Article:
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CB Cares regroups after school district severed ties


After the Central Bucks School District abruptly ended its relationship with CB Cares Educational Foundation earlier this year, the organization is regrouping and promising to continue its supportive mission, said Phil Ehlinger, who will become the CB Cares board president in June.

“I am pleased to report the hull of CBCEF is sound, our rigging intact and our sails are full,” wrote Ehlinger in a recent email to his fellow board members. Ehlinger was a former CB Cares board member and a past president. He is Doylestown Borough’s deputy manager.

As the foundation, now celebrating its 25th year of programs such as 40 assets, Boomerang Awards and Innovative Learning grants pivots to recover from the school district’s decision, Ehlinger said a number of changes are being considered.

First, he said, the board has interviewed several nonprofit strategic planning consultants and expects to hire one soon. “We want them to conduct a needs assessment and help us determine what CB Cares can do moving forward. We believe there are many unmet needs in the community.”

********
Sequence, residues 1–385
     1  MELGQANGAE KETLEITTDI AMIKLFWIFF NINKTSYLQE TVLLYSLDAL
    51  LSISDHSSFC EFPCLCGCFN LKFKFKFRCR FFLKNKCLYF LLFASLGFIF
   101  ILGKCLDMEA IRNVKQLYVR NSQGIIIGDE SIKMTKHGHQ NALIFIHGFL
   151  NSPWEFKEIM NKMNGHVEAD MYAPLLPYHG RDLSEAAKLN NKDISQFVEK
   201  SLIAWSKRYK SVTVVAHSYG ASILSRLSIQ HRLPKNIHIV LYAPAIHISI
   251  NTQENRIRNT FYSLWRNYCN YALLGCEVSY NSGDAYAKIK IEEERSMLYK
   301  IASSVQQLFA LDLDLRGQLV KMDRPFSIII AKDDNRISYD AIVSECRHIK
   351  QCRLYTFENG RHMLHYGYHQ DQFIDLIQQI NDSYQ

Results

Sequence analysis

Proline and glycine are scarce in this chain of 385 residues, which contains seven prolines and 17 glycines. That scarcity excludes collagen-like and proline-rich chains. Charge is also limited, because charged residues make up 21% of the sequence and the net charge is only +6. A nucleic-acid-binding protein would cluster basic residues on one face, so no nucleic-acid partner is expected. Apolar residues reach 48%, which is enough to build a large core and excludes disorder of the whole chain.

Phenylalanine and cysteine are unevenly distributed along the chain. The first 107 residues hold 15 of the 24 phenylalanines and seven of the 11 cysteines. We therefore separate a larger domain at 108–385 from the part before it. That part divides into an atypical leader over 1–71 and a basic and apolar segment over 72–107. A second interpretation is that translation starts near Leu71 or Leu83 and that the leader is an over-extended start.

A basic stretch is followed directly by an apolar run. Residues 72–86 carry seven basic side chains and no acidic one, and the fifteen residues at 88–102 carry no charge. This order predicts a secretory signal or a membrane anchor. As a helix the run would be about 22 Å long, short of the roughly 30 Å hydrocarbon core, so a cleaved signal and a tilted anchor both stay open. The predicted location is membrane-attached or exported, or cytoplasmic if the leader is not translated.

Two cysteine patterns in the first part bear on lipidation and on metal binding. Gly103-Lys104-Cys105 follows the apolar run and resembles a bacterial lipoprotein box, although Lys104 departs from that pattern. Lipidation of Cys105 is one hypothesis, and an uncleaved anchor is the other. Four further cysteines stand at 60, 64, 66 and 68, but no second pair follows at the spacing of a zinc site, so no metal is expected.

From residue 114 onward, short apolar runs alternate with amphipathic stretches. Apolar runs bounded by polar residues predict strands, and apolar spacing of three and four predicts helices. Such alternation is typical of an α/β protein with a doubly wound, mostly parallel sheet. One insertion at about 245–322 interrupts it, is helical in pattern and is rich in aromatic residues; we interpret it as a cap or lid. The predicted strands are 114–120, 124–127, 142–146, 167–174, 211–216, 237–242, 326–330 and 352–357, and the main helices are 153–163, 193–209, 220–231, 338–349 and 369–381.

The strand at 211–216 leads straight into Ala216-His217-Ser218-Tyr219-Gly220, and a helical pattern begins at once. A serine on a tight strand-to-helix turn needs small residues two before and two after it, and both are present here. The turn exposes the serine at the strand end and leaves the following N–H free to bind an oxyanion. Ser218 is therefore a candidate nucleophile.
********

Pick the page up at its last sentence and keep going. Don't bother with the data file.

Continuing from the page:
The consultant will also work with the educational foundation to create a new strategic plan that, said Ehlinger, “will write a new script and map out a plan for our future.” The restructured foundation, he said, will focus on DEI (diversity, equality, inclusion) issues.

Additionally, he said, CB Cares is working with Doylestown Health, one of its founding partners, to ensure the “beneficial relationship” remains strong.

In a March 29 letter to the CB Cares board of directors, Central Bucks’ superintendent, Abram Lucabaugh, said the district intends to develop an educational foundation to “augment programs and activities not funded by the district’s operating budget. Specifically, the foundation will function as a fundraising and community connections agency.”

The letter also said CB Cares violated the district’s trust over the past two years “through a series of actions, including political affiliations, disruptive messaging and failure to execute duties as delineated in its agreement with the district.” The unspecified actions, wrote Lucabaugh, have made “the existing relationship untenable.”

The superintendent said the district “appreciates the contributions of CB Cares…and wishes it well in its future endeavors.”

Saying CBSD’s action “ripped the ground out from under us,” Ehlinger added, “we don’t know how to address the school board’s accusations because we don’t know what they’re talking about.”

The foundation’s president did say, the nonprofit provided a $1,000 grant to a middle school teacher who wanted to develop a “rainbow reading rack,” to include books with a focus on LGBTQ stories and characters. “We thought it was a wonderful idea,” said Ehlinger. CB Cares also donated N95 masks it had been given by Doylestown Hospital to Central Bucks teachers during the height of the COVID-19 pandemic.

Despite the ruptured relationship, Ehlinger said he believes, “we can do more good working together than apart,” adding, the foundation is “always open” to renewing its relationship with the school district.